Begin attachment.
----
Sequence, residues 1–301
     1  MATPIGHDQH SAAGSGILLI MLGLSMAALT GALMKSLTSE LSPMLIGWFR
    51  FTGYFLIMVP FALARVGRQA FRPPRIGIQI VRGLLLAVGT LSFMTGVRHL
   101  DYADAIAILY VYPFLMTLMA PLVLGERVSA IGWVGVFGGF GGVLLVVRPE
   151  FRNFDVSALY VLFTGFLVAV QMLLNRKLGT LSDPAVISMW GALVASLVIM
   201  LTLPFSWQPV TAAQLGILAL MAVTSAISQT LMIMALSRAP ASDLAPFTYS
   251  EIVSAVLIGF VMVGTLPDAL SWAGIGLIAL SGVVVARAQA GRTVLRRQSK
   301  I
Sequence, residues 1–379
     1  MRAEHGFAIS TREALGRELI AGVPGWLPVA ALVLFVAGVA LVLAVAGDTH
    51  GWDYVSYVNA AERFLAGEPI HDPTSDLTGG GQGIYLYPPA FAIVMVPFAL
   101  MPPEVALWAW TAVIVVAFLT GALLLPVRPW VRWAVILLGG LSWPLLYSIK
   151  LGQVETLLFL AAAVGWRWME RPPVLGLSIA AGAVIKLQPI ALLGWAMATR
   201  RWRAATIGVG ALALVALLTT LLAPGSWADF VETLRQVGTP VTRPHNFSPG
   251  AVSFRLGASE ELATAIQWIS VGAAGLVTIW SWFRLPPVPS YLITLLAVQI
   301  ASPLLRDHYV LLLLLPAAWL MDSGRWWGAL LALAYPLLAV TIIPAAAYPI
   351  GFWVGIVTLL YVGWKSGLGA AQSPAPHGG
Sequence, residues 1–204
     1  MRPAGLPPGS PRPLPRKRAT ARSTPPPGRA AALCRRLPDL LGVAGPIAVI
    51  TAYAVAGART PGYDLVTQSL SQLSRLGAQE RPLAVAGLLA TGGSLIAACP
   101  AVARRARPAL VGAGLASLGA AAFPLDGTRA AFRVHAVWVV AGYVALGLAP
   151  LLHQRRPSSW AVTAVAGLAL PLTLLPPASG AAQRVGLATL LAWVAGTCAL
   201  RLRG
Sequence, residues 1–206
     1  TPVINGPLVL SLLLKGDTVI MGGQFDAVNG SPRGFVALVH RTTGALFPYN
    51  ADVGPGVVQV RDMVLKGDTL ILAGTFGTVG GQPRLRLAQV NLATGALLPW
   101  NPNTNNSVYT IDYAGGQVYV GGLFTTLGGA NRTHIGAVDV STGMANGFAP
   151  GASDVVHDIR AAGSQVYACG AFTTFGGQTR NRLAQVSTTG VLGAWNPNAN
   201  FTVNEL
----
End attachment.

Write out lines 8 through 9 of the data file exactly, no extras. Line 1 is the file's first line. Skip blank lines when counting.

   301  I
Sequence, residues 1–379